This is a review of a few, selected, blog posts that discussed the Nigerian economy in the week that ended on March 14, 2009.
Manasseh Egedegbe of the Stock Market blog at www.stockmarketnigeria.com says there is a silver lining in the Nigerian economy. In a post that he aptly titled A Silver Lining in the Nigerian Economy, he discusses the advantages of the presidency’s decisions to deregulate the petroleum sector, sack top PHCN officials, stipulate a deadline of December 2009 for banks to conform to a uniform year end, and the proposal that all banks switch to the International Financial Reporting Standards (IFRS) accounting. To understand why Mr Egedegbe is so positive about the outlook of the Nigerian economy please visit his original blog post.
Loy Okezie of Startups Nigeria wonders why Nigeria does not have many startups of note, save for Mr. Mike Adenuga’s Globacom and a few others. Mr Okezie raises the idea that it would be good for innovation to have a place like Silicon Valley in Nigeria, a place where innovative ideas could be incubated and brought to fruition. He recommends Lagos as the site for a proposed Silicon Valey, partly because the city is the commercial hub of Nigeria and it is already teaming with innovative people, and partly because of the presence of the Lagos Business School and the University of Lagos. He sees the possibility of having a vibrant Silicon Valley-like area in Lagos. It just so happens that I just finished reading The Economist’s special report on entrepreneurship. Under the heading Magic Formula, they discuss the secrets of entrepreneurial success (for a country). They cite instances of politicians who have tried to create a Silicon Valley in their country. According to them,the only one that has succeeded of them all has been Israel. One major point they draw attention to is that there is no Silicon Valley without Stanford University, University of California, Berkeley, and the big financial centre, San Francisco. Loy Okezie writes that he hopes that the governor of Lagos State would read his post. I hope, in addition to that, that the whole of the Nigerian legislature and executive would read it. It is not impossible to create an environment of innovation and entrepreneurship – I guess that is at the heart of Mr Okezie’s interest in seeing a Silicon Valley in Nigeria – but I think that no state government can do that alone. It has to be part of a holistic effort by the Nigerian government. In short, the country has to have it at the center of policy formulation. At the last check in the Doing Business report, a report of the ease with which business can be started and operated in a country, Nigeria ranks 118 in a list of 181 countries. That does not exactly make for good atmosphere for investment, even if there are some people taking care of the innovation side. Please see Loy Okezie’s original post for a fuller version of his ideas.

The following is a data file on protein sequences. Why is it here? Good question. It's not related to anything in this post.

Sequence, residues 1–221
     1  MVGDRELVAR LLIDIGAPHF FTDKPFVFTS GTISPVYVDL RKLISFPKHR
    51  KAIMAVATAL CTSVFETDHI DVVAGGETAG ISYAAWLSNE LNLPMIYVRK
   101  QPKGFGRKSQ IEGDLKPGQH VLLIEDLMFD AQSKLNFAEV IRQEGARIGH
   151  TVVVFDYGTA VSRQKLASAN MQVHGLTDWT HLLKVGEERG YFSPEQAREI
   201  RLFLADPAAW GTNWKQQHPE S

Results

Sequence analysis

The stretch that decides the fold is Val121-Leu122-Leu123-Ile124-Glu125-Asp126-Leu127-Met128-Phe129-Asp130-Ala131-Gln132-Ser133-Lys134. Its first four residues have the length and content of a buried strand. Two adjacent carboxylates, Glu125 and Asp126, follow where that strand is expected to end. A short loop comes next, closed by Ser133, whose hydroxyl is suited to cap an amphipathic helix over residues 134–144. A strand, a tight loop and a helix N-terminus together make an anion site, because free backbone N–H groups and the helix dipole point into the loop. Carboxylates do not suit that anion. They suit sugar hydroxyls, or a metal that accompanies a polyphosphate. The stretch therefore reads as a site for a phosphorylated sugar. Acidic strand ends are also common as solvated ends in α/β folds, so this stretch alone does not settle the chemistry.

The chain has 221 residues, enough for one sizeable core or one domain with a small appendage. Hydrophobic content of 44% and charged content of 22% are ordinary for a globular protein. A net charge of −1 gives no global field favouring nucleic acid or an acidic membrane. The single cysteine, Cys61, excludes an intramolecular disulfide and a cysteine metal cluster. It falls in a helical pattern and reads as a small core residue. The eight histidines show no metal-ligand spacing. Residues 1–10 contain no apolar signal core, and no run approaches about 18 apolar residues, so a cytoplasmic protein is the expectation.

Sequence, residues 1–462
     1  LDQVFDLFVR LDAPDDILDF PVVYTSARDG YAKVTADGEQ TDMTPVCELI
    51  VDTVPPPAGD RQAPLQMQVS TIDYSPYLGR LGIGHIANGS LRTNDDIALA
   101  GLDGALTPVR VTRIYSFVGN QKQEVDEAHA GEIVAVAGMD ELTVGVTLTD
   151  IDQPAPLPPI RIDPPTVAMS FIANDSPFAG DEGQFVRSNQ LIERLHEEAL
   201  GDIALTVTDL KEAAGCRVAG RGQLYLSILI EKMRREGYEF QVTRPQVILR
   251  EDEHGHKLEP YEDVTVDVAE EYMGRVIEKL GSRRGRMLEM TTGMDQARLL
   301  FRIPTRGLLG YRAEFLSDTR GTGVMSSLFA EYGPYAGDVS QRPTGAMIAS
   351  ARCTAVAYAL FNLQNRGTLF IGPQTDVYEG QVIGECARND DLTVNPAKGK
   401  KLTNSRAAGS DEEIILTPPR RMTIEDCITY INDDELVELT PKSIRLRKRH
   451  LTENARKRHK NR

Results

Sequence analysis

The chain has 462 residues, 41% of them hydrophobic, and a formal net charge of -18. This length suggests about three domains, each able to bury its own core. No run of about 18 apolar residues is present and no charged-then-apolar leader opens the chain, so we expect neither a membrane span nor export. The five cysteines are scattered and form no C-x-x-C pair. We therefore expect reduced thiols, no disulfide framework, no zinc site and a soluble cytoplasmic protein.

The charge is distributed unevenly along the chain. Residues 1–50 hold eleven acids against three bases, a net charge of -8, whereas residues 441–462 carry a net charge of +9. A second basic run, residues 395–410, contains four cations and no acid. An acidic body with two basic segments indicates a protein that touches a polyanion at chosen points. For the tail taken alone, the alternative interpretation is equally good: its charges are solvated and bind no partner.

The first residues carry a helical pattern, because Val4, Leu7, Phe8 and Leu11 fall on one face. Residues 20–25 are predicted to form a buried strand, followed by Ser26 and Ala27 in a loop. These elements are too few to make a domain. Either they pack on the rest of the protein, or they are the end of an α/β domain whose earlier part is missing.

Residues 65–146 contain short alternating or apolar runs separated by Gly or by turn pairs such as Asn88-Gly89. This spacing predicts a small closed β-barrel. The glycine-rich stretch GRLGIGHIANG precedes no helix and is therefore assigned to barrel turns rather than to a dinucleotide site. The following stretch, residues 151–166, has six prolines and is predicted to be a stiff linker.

Over at the somewhat longwindedly-named Nigeria General Debate Blog Website, Adeolu Oyinlola discusses the moves of the Central Bank of Nigeria to accuse bureaux de change in Nigeria “of, among other infractions, money laundering, non-rendition of returns and unbridled greed.” Please go over to the original post for the details of his discussion.
And who remembers the days when there was a measure of schadenfreude on the part of some citizens of African countries at the ill-fortune of developed economies? Conventional wisdom had it that the financial mess was baked in Wall Street and London ovens, and that it’s ill effects were limited to economies that had more than a certain measure of exposure to these major global financial centres. Africa was declared innocent in the matter by Ms. Ngozi Okonjo-Iweala, Managing Director of the World Bank. But if anyone ever thought that the innocent does not suffer this is the time for them to wake up to the reality of the pains that African countries are feeling. My friend Oz of mootbox.com has made a list of some of the reasons why any dream that the financial crisis does not affect African countries remains just a dream. Check this out at his website.
I end here. Till next week when someone else will do another review of Nigerian blogs.
Nigerians talk, we are just making sure that there are ears listening.